Logo of Phnom Penh Post newspaper Phnom Penh Post - Belgian activist zeroes in on Khmer Rouge

Belgian activist zeroes in on Khmer Rouge

Belgian activist zeroes in on Khmer Rouge

In an exclusive interview, the President of the Human Rights League

of Belgium, Georges-Henri Beauthier, talks with Claudia Rizzi about the case

he has filed against Cambodia's Khmer Rouge leadership which mirror his law suits

for international arrest warrants against Chile's Augusto Pinochet and Congo's Laurent


Post: What are the most recent developments in the case you filed against Nuon

Chea, Ieng Sary and Khieu Samphan?

GHB: Usually, in Belgian [court] procedure, the court names an investigating

judge a few days after a claim is filed. But in our case, since we have requested

that the judge be someone specialized in this kind of matter, we have to wait a little


In fact, there is only one such judge in Belgium. His name is Damien Van der Meersch,

and he is the one who handled the case of the Rwanda genocide and the Pinochet case.

His decision establishing Belgian jurisdiction over crimes committed in Chile set

a legal precedent that was used in the case against the Khmer Rouge. So we have to

wait for the judge to be on duty in order for the court to name him, something which

should happen [soon].

In the meantime, we are building the case and collecting evidence. Every day, I receive

hundreds of pages of testimonies by Cambodians from all over the world.

Post: What is the next step?

GHB: First of all, we wish an investigative commission be sent to Cambodia.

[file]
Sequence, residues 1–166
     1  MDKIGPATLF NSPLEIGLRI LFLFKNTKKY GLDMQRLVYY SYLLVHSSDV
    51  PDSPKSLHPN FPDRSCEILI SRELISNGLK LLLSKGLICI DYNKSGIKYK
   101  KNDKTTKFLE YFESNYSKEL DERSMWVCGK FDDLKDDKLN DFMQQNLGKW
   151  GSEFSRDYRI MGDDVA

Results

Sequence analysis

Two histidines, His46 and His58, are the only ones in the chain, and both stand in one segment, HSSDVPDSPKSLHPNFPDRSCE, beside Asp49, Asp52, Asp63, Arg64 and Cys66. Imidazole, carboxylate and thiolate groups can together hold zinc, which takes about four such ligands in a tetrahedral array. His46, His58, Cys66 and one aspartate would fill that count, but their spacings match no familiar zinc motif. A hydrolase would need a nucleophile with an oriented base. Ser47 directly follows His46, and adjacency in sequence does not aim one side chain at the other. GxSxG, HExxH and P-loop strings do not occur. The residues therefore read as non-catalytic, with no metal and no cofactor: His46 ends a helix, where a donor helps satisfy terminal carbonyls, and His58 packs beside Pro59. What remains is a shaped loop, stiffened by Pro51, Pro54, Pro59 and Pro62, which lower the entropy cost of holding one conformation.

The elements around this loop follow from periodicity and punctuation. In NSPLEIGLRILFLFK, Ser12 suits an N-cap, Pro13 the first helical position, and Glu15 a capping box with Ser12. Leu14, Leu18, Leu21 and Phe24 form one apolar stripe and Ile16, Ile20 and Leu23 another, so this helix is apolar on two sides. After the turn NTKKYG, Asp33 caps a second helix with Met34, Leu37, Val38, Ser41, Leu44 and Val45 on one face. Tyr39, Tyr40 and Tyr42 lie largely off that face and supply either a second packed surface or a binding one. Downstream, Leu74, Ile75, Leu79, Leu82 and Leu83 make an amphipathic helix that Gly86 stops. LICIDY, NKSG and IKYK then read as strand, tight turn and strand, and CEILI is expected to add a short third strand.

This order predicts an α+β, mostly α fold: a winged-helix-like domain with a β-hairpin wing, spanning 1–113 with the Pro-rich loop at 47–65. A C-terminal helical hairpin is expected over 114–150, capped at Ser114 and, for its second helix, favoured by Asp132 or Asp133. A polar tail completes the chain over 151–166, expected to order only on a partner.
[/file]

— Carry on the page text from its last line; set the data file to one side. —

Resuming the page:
This judge has already done it in Rwanda: he put together four boxes full of testimonies

that the Rwanda government was not collecting because they did not want to, because

there was still a war going on, because it was too dangerous. He did a meticulous

job, and was able to present everything to the International Tribunal in Arusha.

In Belgium there are no Khmer Rouge; so the natural thing for the investigative judge

to do is to go where he can collect evidence.

Post: Given Prime Minister Hun Sen's opposition to an international tribunal,

do you expect the investigative commission to face problems in Cambodia?

GHB: This kind of activity will certainly not go unnoticed. The Cambodian

government has to prepare for it and provide the Belgian investigative judge with

transport, police assistance and an interpreter. Such a commission is an exercise

in good cooperation between two countries: for example, if I asked Milosevic today

to allow an investigative commission, you can imagine he would not give all that.